Tuesday, January 31, 2006

Traffic Jams

Have you ever done the courteous thing when crossing an intersection, and waited back at your stop line because the lane opposite was backed up?  Have you ever had someone making a right turn slip in while you were going out of your way to not block the intersection?
As Silicon Valley grew, people started moving into cities farther afield (indeed, they used to be fields), and commute in.  The local city into which they move charges developers for extension of local infrastructure like water, sewer, roads, but there is no model to share that revenue with cities through which the new residents will drive to get to work. So the roads in the middle aren't expanded, and commute times for those who live nearer the jobs go as distant commuters clog the highways.
If I could construct cars for free, gas was free, and I had an infinitely large parking lot at my house, I could push cars out my driveway in a steady stream. Where would they go? And why should I not to this? After all, I've paid real estate taxes for my driveway.

There's been a fair amount of tearing-out-of-hair lately over the desire of BellSouth et al to create a throttling mechanism for the internet, in essence, to charge for bandwidth based on quality of service (QoS) metrics.

I frankly think that tiering only makes sense.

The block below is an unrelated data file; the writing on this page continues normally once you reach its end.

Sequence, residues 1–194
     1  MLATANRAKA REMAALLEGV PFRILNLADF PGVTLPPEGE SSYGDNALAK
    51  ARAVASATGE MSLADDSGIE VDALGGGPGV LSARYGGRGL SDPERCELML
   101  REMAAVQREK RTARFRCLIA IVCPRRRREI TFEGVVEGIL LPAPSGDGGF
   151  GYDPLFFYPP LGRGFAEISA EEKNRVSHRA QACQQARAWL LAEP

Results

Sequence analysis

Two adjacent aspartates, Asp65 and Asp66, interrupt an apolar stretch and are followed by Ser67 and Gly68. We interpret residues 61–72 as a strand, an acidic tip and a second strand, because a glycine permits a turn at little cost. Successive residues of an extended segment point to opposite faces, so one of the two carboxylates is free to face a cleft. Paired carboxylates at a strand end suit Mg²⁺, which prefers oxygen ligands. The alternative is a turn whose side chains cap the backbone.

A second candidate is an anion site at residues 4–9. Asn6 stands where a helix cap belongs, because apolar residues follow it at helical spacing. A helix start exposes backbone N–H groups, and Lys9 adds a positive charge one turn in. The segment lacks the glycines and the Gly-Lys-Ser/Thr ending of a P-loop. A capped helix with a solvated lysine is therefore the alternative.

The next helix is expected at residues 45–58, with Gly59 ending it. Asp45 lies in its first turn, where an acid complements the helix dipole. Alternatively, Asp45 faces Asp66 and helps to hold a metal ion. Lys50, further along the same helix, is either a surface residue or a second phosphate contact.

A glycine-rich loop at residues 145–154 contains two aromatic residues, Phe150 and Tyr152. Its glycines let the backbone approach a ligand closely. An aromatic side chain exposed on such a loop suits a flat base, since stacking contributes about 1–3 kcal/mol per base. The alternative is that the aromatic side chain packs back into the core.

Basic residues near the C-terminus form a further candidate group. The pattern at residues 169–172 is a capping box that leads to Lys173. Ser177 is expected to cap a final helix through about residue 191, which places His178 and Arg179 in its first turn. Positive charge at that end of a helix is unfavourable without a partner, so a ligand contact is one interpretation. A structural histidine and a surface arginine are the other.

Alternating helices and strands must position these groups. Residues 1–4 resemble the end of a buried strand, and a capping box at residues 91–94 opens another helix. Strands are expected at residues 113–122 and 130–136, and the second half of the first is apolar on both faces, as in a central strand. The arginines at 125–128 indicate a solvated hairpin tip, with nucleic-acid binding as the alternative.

First, it closely models the real world.  In the real world, I can choose between a free road which may be congested, and a turnpike which may get me to my desitnation faster.  There are toll booths on the turnpike to both encourage the quality difference, and to charge me for the privilege.  Similarly, there are car pool lanes, and fastpass lanes, all rewarding drivers who contribute some (arguable) value to the system with shorter wait times.

Second, much more than in the real world. traffic generation is very very inexpensive in the electronic. If all the T1s to all the content providers were saturated, the trunks would need to be much  much much bigger, as would the switches that route between the trunks and access lines. Some might argue that the content generators already pay for their content to get onto the highway, but like me with my driveway, the physical limits of the driveway permit far more traffic than the system can accept in aggregate.

Now we might argue that this implies a massive increase of scale is necessary for the central infrastructure of the net. Probably so.  But until this the scale is increased there will be those who take advantage of the current system and inject more traffic than their share, like the friendly gent who cut me off by making a right turn on red yesterday while I was waiting for traffic to clear.  And the folks who run the roads will try to find ways (like "no turn on red" signs) to penalize that gent.

In the physical world, the different QoS metrics that exist for physical delivery of envelopes has led to a two-tier system of the government post office and private couriers.  In fact it is multi-tier, as the couriers and post office eash have multiple levels of service at different price points.  So my letter than absolutely must be received by tomorrow, will be received by tomorrow, for a premium carriage fee. Any amount of bulk mail can be pushed into the system by advertisers and not impact my letter at all.

What is so wrong about a tiered approach to net traffic?  Don't we want content we've purchased to arrive faster than spam?

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